The sub-base for the flagstone is going to be 6″ of compacted “flex-base.” Flex-base is recycled pavement from roads that have been torn up or resurfaced, so it’s a very green product, considering you’re saving it from going into a landfill. More on flex-base later when it actually arrives, but before it does, we need a way to retain 6″ of it throughout the backyard without it spilling into the fence or the neighbor’s yard.
The best solution to this is to pour retaining curbs that hold the gravel in. We had torn up a bunch of 2×6 lumber from the deck, and the curbs need to be 6″ high to retain the gravel…what a coincidence! So the lumber to build the forms was totally free!
These curbs are 4″ wide and 6″ high, they are reinforced with 3/8″ rebar, and every 5 feet or so they sit on top of a “pier” or a pillar of concrete that goes down into the ground to support it. To make the piers, we just dug a pit about a foot deep every 5 feet or so along the line where the curb would run, and drove a piece of rebar into the center of it. That rebar will poke up into the concrete of the curb to help keep it solid and upright for decades.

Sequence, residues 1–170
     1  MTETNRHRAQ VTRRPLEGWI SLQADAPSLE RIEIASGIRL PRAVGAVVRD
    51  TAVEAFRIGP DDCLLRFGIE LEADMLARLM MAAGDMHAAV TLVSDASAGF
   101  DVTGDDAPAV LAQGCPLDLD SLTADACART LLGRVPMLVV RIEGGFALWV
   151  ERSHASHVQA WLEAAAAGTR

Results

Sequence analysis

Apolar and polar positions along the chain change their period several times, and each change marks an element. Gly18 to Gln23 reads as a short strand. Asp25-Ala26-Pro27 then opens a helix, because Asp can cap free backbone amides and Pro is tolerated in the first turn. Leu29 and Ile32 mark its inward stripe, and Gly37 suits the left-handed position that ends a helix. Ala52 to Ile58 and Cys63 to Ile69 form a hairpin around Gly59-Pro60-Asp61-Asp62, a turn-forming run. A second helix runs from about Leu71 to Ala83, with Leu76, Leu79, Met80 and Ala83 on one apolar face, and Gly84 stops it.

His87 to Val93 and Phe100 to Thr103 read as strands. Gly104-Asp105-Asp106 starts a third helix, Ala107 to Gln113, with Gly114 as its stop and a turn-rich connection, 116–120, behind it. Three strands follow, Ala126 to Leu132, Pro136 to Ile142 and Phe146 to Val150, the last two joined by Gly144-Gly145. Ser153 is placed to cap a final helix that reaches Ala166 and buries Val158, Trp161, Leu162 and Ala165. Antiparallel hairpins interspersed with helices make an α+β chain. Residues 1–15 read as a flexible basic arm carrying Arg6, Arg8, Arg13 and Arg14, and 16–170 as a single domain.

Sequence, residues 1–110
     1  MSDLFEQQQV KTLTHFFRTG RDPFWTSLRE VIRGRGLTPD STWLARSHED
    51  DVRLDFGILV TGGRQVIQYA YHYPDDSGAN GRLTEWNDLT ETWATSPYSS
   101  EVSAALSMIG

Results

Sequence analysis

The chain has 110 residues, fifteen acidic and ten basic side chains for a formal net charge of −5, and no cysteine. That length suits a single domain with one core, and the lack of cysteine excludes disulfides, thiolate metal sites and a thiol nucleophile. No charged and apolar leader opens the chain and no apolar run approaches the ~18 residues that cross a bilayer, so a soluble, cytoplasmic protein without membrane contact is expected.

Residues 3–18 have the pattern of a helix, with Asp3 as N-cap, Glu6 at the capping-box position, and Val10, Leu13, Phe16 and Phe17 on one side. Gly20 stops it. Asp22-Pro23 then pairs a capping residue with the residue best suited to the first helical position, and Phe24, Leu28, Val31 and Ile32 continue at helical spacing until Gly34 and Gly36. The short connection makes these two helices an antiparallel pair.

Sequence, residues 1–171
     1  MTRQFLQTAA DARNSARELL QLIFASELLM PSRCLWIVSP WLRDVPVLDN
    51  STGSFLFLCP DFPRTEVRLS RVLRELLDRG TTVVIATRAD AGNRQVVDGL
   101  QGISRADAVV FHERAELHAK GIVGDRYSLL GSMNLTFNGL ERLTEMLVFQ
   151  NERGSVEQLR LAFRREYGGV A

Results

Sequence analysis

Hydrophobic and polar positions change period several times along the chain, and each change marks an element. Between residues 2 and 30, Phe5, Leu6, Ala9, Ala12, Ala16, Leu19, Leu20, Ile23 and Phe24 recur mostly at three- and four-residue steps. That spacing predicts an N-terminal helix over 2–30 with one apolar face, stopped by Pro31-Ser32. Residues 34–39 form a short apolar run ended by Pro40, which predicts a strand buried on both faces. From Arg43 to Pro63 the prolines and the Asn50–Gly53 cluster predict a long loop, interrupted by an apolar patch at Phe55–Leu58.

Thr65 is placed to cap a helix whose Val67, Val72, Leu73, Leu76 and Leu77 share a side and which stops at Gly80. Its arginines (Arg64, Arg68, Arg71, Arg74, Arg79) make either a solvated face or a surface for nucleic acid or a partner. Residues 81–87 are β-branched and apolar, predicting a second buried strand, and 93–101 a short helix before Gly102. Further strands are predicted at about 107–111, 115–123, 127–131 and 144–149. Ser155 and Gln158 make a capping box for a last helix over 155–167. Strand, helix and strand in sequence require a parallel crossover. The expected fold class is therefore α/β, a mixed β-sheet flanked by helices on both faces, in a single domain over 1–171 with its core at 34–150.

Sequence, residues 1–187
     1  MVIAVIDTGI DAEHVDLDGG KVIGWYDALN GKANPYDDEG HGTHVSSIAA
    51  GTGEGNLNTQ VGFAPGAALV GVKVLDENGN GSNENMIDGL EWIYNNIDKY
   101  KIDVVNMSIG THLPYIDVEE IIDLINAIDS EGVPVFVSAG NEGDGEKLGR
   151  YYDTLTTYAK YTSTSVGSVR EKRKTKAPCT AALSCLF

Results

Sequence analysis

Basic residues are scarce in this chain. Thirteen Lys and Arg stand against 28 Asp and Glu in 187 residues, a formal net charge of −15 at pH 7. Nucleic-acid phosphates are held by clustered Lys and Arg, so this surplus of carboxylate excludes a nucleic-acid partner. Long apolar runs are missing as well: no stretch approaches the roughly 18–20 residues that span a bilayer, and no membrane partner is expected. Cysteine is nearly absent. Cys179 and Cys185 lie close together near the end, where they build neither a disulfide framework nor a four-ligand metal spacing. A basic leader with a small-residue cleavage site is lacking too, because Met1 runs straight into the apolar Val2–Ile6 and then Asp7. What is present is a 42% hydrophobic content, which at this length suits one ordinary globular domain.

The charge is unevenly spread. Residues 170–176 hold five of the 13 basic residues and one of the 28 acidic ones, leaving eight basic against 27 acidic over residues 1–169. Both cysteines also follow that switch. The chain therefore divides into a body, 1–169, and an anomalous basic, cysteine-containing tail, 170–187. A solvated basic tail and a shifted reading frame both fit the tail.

After a half hour or so, when the concrete sets up nicely, we run a concrete edger (a cheap hand tool) along the edges of the concrete to round them off. This will make sure they aren’t brittle and breakable once the forms are removed. It only takes a few hours for concrete to set up firm enough to remove the forms. The curbs run around the perimeter of the yard, and down the division where the patio will split into a higher and lower level.
I had actually been really worried about pouring the curbs…I somehow thought it would be the hardest part of the renovation. They were surprisingly easy…the building of the forms was the longest part. But still, everything took less than an afternoon.
Done! Now, time for the biggest project of all…